The Second Stage of Labour 

The second stage of labour is from when you are fully dilated to when the baby is born. This could take minutes or 2 - 3 hours. As your uterine muscles contract, and you push with your abdominal muscles, the baby will move through the pelvic bones and down the birth canal. 

Our bodies are so amazing that the baby’s head bones are not yet fused together, allowing them to mold to the birth canal and pass through the pelvic bones. It’s important to breathe and pace yourself to allow your muscles to stretch, and give birth slowly without tearing. You will feel the need to push which is the Natural Expulsive Reflex (NER) which is your body’s reflex to get rid of waste. It may feel like you need to poo and many a baby has been born in the toilet - your midwife should recognise these signs as the baby crowning. You may also feel like vomiting which is part of the expulsive reflex.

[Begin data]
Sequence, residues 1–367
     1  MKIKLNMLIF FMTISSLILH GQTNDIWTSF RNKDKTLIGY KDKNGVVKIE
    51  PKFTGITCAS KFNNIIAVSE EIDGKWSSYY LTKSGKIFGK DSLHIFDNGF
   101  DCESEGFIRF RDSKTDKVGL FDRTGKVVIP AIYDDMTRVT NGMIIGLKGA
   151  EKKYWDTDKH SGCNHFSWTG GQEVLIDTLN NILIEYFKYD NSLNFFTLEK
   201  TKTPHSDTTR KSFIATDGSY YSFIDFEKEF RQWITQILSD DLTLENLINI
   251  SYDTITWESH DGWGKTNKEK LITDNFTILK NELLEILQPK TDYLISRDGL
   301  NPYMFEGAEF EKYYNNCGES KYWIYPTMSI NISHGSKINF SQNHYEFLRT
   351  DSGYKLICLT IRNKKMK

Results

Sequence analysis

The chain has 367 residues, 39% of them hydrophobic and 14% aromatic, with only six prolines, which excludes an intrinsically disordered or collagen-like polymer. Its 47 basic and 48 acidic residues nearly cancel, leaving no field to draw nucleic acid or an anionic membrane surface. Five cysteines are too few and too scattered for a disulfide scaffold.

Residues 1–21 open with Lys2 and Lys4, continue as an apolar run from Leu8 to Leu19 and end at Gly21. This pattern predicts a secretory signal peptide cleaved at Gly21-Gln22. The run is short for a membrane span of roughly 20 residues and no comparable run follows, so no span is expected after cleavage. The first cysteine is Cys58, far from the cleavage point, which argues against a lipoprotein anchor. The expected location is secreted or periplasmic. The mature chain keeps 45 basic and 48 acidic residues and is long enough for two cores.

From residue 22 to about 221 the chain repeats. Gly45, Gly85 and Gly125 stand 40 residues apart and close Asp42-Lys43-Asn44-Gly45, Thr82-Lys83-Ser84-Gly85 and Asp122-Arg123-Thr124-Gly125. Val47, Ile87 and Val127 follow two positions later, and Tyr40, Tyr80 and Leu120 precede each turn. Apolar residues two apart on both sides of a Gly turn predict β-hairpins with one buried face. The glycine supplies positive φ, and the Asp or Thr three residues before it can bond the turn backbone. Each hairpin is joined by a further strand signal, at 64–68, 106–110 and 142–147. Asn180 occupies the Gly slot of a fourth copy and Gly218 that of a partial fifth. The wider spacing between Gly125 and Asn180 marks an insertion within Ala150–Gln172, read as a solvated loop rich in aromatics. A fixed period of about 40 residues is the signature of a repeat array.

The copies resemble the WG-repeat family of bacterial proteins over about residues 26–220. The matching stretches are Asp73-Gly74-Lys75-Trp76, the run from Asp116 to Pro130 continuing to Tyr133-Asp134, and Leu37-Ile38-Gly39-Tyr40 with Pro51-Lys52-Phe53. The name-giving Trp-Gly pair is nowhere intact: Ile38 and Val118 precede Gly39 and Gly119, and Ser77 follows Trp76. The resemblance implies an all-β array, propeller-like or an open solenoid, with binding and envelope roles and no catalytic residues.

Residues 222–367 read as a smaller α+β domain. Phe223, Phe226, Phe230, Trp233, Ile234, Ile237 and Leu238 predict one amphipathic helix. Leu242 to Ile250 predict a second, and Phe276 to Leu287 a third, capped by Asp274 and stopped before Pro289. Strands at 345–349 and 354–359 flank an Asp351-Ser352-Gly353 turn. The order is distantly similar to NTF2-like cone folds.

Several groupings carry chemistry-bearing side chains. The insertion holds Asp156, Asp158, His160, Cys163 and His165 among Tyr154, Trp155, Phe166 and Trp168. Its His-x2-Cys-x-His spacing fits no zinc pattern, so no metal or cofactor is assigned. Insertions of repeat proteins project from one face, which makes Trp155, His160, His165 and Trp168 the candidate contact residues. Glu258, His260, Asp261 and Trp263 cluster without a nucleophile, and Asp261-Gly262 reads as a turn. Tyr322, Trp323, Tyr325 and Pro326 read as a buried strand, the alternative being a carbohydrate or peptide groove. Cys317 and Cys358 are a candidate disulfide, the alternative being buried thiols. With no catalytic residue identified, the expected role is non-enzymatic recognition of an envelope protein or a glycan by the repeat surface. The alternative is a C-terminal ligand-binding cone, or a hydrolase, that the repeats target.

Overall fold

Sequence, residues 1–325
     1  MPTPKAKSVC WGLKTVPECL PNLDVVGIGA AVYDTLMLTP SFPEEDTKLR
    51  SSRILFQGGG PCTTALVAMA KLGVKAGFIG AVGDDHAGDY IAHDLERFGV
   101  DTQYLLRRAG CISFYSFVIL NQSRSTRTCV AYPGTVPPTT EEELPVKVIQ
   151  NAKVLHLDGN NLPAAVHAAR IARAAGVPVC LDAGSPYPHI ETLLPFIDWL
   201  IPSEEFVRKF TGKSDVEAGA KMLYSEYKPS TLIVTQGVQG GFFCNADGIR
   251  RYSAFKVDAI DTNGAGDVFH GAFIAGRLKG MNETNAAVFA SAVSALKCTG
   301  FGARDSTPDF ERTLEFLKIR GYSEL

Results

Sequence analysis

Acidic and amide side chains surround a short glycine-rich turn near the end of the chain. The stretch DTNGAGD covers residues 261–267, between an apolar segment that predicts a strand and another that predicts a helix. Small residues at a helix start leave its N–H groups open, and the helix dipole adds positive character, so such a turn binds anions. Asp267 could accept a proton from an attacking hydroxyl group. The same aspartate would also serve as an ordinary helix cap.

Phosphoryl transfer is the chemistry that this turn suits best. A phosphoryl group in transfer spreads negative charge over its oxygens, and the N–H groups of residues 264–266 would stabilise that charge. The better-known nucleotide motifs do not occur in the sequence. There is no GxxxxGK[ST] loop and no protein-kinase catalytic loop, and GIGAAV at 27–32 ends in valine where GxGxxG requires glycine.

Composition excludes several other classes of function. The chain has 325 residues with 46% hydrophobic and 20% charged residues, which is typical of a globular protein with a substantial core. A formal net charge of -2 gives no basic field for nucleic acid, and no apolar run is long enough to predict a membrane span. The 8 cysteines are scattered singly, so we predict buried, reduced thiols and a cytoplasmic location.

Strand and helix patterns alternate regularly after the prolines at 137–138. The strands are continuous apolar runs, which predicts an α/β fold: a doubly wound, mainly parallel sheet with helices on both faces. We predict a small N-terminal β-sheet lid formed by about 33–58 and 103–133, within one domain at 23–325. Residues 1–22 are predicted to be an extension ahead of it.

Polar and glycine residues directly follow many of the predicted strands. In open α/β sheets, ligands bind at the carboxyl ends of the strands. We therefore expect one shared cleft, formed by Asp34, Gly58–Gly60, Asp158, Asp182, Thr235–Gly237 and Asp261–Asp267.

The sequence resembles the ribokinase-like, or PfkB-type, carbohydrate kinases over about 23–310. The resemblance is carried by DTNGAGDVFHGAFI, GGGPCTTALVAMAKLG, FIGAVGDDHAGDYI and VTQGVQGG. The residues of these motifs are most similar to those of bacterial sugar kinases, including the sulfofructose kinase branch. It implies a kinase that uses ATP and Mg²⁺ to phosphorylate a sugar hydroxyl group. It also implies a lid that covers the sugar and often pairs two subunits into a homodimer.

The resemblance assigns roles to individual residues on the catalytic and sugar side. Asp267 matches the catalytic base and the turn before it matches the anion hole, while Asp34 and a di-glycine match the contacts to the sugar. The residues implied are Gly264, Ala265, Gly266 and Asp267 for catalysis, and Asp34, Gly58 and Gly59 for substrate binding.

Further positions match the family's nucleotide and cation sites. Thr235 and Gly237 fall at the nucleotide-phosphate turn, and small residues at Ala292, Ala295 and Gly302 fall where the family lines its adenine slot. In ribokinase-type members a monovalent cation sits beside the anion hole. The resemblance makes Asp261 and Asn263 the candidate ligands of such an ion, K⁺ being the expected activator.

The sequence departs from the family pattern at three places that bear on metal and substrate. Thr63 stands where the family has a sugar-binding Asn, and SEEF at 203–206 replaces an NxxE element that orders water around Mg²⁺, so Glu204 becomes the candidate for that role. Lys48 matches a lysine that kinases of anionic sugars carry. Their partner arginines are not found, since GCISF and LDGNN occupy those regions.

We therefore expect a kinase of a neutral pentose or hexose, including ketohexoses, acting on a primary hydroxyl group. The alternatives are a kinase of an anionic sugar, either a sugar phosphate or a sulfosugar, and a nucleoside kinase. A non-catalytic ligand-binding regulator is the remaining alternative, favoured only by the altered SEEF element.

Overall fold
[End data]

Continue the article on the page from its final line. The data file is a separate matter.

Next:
A good midwife will guide you, letting you know when to hold yourself back and let your body stretch before pushing again. She might even press against the ‘taint’ to prevent tearing - that is the perineum area. Giving yourself perineal massages from week 37 onwards with almond oil or olive oil will help to stretch those muscles and prepare them for childbirth. 

The baby crowns with the head appearing first usually, facing downward with the back of the head facing mum, it will then turn 90 degrees and the body will come out with the next few pushes. It’s important that the head comes out slowly so the midwife can catch it and check that the umbilical cord is not looped around the baby’s neck.